Mexico Peace Index 2016

Mexico’s five consecutive years of peace gains slowed significantly in 2015, with the past year seeing just a 0.3% improvement, the smallest increment since 2011, according to new research from the Institute for Economics and Peace.

The Mexico Peace Index provides a comprehensive assessment of peace in Mexico over the past 13 years, including a breakdown of the levels of peacefulness within Mexico’s 32 states; an in-depth analysis of disappearances within Mexico; an assessment of the cost of violence on the country’s economy; and an analysis of how higher levels of peace can be brought about.

Download a copy of the 2016 Mexico Peace Index
Explore the history of peace in Mexico our interactive maps



Twenty-five of the 32 states in Mexico are more peaceful than they were in 2011, with rates of violent crime, homicide and organized down by almost 30% for the period from 2011 and 2015. This means that for an estimated 85% of Mexicans, where they live is more peaceful than four years ago.

Last year, Mexico saw a 10% decrease in the rate of violent crimes and 8% decrease in the rate of organized crime. However, homicides are on the rise:  2015 saw a 6.3% increase in the number of people killed between 2014 and 2015.

The research also identified a worrying trend towards greater impunity, with the rate of convictions for homicide dramatically deteriorating since 2007. In that year, there were four convictions for every five cases of murder, but by 2013 there was only one conviction for every five cases.

There is also a gap between the number of homicides recoded by hospitals, and those recorded by police:  By comparing the homicide numbers recorded by police to death certificates from hospitals, it is estimated that in 11 states, 20% of homicides are not being investigated.

Investments in the effective implementation of judicial reforms, improvements to data collection and lowering of levels of corruption are key to social and economic gains.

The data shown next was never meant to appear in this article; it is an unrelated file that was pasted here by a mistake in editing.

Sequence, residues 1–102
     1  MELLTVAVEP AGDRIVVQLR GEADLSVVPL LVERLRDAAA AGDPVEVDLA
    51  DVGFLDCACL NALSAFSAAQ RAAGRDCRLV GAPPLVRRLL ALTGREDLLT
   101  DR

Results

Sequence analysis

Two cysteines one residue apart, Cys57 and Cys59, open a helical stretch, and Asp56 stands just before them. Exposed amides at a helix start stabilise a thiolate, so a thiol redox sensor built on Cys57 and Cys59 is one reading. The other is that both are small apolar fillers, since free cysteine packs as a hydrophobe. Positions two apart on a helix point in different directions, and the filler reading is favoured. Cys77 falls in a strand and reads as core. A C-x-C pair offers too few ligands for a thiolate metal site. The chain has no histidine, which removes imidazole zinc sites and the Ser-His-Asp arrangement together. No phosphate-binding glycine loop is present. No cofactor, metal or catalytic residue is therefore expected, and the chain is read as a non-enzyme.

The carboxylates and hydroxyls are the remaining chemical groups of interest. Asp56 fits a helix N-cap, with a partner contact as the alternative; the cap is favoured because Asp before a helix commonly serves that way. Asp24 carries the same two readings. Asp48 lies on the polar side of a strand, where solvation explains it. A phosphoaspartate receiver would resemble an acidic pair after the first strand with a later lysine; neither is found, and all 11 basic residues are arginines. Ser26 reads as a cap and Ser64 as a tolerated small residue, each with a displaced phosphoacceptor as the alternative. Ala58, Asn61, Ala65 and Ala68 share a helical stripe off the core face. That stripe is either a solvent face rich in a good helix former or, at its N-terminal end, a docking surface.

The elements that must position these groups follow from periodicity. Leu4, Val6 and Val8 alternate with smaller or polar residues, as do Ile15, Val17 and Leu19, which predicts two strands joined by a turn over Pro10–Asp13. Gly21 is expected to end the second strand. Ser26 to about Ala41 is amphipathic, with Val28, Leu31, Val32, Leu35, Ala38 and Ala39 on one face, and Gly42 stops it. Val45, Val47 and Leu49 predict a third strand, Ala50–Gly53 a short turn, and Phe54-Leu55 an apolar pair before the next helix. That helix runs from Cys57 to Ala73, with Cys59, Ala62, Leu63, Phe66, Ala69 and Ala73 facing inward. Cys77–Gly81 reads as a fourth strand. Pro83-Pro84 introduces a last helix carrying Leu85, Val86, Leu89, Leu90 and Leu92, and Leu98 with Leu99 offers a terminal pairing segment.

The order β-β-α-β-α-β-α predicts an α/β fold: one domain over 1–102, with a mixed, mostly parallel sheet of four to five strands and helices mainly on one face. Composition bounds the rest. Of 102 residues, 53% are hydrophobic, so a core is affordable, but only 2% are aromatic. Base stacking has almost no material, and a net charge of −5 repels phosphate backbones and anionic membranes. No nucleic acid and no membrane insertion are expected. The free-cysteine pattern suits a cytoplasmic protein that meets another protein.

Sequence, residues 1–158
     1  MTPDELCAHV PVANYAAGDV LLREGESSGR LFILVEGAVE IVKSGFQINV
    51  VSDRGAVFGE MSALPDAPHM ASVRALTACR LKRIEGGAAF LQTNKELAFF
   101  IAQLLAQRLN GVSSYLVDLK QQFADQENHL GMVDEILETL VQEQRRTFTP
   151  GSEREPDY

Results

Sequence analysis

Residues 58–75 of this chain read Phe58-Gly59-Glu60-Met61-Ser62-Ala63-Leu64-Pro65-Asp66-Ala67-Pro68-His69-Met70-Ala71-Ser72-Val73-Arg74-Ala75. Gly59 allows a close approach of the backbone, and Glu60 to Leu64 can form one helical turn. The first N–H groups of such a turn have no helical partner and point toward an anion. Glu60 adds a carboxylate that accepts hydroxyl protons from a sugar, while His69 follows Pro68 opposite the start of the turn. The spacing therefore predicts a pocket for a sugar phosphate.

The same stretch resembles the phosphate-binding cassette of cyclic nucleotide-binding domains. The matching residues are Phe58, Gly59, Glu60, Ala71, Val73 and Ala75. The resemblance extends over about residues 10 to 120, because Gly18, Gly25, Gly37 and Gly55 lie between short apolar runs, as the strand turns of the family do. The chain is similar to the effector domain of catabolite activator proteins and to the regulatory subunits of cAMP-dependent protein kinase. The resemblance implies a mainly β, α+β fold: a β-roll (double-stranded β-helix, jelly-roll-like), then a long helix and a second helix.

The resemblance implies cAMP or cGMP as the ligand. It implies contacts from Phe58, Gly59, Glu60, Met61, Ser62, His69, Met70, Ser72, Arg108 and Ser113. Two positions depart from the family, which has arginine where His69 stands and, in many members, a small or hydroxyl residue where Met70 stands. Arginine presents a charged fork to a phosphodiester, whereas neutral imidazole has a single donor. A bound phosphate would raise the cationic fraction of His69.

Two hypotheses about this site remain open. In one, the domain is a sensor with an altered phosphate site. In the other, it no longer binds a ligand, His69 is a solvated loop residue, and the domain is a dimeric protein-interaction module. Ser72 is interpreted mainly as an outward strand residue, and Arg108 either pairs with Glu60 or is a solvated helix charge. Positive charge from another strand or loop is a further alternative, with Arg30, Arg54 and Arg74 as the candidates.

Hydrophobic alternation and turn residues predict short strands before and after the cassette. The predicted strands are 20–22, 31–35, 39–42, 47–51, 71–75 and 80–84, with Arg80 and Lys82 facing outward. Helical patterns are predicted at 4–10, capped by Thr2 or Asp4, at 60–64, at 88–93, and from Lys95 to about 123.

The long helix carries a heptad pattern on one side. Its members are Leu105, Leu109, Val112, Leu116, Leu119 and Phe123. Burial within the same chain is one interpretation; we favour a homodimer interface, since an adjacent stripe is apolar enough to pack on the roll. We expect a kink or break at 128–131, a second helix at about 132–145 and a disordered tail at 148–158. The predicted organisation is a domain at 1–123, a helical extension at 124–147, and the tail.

"Mexico has an opportunity to reach higher levels of peace, but the country needs to confront two fundamental problems: the administration of justice and corruption. Improvements will have direct benefits given that the states with the lowest levels of peace are the states where corruption levels are perceived to be the greatest," said Patricia de Obeso, Manager of IEP in Mexico


The five most peaceful states in 2015 are: Hidalgo and Yucatan, followed by Veracruz, Tlaxcala and San Luis Potosi, while the least peaceful states are Guerrero, Sinaloa, Morelos, Baja California and Baja California Sur.


The economic impact of violence in 2015 was 2.12 trillion pesos (US $134 billion), the equivalent to 13% of Mexico's GDP. This corresponds to 17.525 pesos per person, roughly equal to two months' salary of an average Mexican worker.


There is great potential for the country to further improve levels of peace. In comparison to countries with similar levels of violence, Mexico benefits from the second highest surplus of Positive Peace in the world, with relatively high scores in the domains of sound business environment, equitable distribution of resources, and good relations with neighboring countries.  Investing in improving the judicial system and lowering levels of corruption will lead to improvements in peacefulness which will reap social and economic rewards.


The report stresses the need for government bodies to improve the collection of accurate data. The current reliability of official crime statistics in Mexico is a concern: 90% of some crimes are not reported (referred to in Mexico as cifra negra); there is a 20% discrepancy in 11 states between the numbers of homicides registered by Mexico’s Executive Secretariat of the National Public Security System (SESNSP) compared to those recorded in death certificates by National Institute of Statistics and Geography (INEGI); and the data published by the national registry for missing persons that lists over 26,000 people as disappeared since 2007 who remain missing, a figure considered to vastly underestimate the problem.


The Mexico Peace Index is produced by the Institute for Economics and Peace, an independent, non-partisan, non-profit think tank dedicated to promoting a better understanding of the social and economic factors that develop a more peaceful society. The 2016 Mexico Peace Index is the third edition of the Index, with the first released in 2013.

The research aims to inform a strategic discussion among policymakers, researchers, business leaders and the general public on how peace can be brought about.


The Mexico Peace Index uses seven indicators to analyze peacefulness in Mexico’s 32 states. They are:  homicide rates, violent crimes, weapons crime, detention without a sentence, police funding, efficiency of the justice system, and the level of organized crime.

The analysis takes into account multiple sources, public surveys, and methodological guidance from an expert panel, adjusting official data to account for underreporting. The research was conducted with guidance from institutions including CIDE, Mexico EvalĂșa, INEGI, IMCO, Causa en Comun, Stanford University, Observatorio Nacional Ciudadano, and Jurimetria.

Learn more about our Mexico Peace Index methodology

Download a copy of the 2016 Mexico Peace Index
Explore the history of peace on our interactive maps

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